The first two of this series of posts on goal setting for career and work-life transitions were about the first two criteria of the S.M.A.R.T goal model, S for specific and M for measurable. This post asks if A for Attainable (the third criterion of the SMART model of effective goal-setting) is helpful for career changers.
A for Attainable: Do Career Changers Benefit from Choosing Attainable Goals?
Given that uncertainty is very much part of career transition, does it even make sense to talk about attainable goals? We begin by asking what we mean by attainable career change goals. Then we look at what else you should consider to make your goals more relevant and more effective.
What exactly do we mean by attainable goals? One meaning of attainable is achievable. On the surface, choosing career change goals that we believe are achievable sounds rational. You don’t want to waste time and energy on goals that are not going to be attainable.
For example, some roles require specific abilities. To train as an airline pilot you need to pass specific vision tests. So whether or not a goal is attainable is defined not only by what you believe you can do, but also the criteria defined by governing bodies and potential employers.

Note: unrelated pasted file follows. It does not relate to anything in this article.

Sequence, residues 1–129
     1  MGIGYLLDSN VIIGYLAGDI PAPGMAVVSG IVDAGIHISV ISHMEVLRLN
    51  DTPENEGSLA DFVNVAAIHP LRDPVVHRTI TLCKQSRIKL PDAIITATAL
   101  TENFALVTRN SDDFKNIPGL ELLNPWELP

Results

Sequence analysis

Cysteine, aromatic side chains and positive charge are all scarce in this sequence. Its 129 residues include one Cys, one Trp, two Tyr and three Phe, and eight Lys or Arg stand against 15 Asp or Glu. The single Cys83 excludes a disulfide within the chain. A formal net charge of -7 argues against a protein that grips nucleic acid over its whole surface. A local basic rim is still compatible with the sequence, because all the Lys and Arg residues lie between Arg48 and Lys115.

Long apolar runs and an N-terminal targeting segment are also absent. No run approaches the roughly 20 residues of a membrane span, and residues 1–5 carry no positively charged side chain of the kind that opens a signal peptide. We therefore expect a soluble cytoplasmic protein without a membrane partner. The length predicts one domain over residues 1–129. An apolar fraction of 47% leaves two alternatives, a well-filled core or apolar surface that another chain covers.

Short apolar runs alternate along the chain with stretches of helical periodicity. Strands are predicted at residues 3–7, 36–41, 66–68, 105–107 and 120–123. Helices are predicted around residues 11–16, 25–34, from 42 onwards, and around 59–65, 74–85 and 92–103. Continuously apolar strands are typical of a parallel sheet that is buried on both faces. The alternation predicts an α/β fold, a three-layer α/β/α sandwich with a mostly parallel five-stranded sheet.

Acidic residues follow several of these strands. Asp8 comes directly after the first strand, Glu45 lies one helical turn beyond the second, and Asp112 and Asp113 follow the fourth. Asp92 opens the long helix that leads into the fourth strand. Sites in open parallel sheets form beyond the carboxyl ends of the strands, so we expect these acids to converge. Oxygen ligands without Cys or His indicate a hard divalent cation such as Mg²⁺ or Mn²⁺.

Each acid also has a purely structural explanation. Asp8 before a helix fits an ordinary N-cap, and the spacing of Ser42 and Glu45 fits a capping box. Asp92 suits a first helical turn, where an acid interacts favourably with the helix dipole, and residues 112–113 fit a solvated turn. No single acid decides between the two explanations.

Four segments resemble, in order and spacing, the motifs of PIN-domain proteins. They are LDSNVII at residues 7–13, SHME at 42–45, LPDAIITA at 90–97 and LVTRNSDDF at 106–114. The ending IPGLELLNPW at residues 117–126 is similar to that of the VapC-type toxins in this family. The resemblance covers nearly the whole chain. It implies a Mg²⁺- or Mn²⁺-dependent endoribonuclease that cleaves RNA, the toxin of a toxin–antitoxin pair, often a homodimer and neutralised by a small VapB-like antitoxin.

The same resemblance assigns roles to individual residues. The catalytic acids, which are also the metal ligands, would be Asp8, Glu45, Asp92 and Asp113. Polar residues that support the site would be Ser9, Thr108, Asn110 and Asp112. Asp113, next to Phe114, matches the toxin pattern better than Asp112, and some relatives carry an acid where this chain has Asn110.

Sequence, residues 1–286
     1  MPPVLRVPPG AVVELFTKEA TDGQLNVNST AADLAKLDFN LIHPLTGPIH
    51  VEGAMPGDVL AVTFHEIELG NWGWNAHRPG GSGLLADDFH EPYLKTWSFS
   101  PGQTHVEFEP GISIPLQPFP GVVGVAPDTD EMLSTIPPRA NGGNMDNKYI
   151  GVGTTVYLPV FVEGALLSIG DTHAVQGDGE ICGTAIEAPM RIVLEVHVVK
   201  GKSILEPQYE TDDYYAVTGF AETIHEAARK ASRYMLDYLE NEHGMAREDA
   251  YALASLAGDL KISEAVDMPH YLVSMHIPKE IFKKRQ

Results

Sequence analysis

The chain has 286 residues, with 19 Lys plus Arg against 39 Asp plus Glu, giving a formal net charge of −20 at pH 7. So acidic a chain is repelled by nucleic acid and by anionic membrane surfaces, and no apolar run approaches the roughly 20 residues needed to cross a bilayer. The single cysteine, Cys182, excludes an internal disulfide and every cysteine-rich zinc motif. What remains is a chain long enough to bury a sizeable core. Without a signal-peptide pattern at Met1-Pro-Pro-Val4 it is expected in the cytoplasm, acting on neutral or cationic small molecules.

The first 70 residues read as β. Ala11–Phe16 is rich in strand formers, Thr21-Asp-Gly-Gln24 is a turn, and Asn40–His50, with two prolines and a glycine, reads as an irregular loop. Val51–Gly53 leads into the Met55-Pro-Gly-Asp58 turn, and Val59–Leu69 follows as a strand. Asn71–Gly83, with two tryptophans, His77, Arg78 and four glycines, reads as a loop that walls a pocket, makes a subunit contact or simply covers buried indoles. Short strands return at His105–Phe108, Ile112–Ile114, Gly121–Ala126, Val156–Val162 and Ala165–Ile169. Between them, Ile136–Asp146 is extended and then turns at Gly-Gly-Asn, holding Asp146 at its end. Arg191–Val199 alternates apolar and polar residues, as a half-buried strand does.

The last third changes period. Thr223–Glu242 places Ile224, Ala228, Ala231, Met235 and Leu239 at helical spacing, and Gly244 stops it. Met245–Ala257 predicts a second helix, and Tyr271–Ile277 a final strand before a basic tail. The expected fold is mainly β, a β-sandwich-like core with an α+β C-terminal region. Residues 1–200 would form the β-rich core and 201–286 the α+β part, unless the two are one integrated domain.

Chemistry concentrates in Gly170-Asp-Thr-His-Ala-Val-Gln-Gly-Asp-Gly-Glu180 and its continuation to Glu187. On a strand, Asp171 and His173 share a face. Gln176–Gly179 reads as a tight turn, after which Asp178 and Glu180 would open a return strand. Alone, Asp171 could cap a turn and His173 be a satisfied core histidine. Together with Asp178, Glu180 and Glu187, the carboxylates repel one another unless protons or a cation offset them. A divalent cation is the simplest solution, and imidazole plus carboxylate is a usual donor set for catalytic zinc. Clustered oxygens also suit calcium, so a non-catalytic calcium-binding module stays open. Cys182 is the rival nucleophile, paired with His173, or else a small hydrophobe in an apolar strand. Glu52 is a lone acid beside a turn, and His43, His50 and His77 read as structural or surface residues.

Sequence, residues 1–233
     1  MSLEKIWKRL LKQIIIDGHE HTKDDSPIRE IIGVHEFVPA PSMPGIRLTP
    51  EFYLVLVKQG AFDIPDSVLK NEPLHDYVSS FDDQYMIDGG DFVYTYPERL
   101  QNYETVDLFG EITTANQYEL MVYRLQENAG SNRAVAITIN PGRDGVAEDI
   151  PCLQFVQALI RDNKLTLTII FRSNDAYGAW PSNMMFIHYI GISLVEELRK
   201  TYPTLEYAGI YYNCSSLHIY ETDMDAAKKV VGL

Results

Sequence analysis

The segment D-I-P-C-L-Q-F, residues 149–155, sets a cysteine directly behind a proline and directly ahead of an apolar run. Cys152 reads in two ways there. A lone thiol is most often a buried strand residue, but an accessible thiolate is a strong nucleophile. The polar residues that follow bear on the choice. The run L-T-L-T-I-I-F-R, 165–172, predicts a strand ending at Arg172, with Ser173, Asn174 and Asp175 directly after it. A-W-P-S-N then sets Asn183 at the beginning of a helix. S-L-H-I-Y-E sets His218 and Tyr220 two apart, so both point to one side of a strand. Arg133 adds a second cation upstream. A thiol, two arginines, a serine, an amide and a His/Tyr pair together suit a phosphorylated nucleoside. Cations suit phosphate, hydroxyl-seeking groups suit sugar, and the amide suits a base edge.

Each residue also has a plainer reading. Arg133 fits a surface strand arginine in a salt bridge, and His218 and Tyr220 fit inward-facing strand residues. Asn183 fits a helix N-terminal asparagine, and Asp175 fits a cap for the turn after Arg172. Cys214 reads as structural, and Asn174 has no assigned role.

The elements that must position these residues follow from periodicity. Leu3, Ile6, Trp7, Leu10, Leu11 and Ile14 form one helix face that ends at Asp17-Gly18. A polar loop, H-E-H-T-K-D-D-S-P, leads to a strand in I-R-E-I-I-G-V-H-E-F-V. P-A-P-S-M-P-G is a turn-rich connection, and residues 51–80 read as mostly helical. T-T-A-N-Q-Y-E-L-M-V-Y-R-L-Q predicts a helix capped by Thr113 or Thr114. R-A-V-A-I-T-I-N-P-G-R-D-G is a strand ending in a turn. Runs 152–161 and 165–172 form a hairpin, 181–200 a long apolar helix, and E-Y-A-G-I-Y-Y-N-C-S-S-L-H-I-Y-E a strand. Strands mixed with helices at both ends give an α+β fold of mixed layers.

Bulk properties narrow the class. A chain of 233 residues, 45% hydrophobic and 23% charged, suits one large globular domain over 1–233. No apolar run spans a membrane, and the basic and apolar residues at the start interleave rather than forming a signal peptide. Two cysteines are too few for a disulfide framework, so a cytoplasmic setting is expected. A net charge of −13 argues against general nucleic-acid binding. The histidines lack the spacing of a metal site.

Choosing what is attainable is often not as straightforward as the example above. A more nuanced approach is needed. To keep your goals relevant, it’s important to consider both your personal perspective and the context.
Consider the Context
As well as meaning“achievable,” attainable also means “arriving at.” This is a reminder to consider both what you believe you can do and external factors that may be outside of your control. Paying attention to the context is critical. So what other questions will help you to choose goals that are as relevant and useful as possible?
As discussed previously, how you feel about your goals is important. One question to ask here is whether your attainable goals are connected to what’s most important to you in your work and your life. Are your goals aspirational as well as attainable? Returning to the fundamental questions of what you value most can be particularly useful when you reach difficult decision points.
There are two more qualities that you can use to evaluate the usefulness of your goals. Ask yourself if your attainable goals are also agile and actionable. We will return to these two qualities in upcoming posts when we discuss the final two dimensions of the S.M.A.R.T goal model, R for realistic and T for time-bound.
Jennifer Bradley helps professionals get unstuck and move forward in their career and work life. She offers individual coaching and consulting, leads workshops, and writes about personal and professional transitions.